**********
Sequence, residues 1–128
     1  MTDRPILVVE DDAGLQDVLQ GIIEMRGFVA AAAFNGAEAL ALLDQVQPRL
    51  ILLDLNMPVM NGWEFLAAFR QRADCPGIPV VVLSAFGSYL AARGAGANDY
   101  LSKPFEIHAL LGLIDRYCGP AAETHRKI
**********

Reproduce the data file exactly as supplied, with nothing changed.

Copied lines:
Sequence, residues 1–128
     1  MTDRPILVVE DDAGLQDVLQ GIIEMRGFVA AAAFNGAEAL ALLDQVQPRL
    51  ILLDLNMPVM NGWEFLAAFR QRADCPGIPV VVLSAFGSYL AARGAGANDY
   101  LSKPFEIHAL LGLIDRYCGP AAETHRKI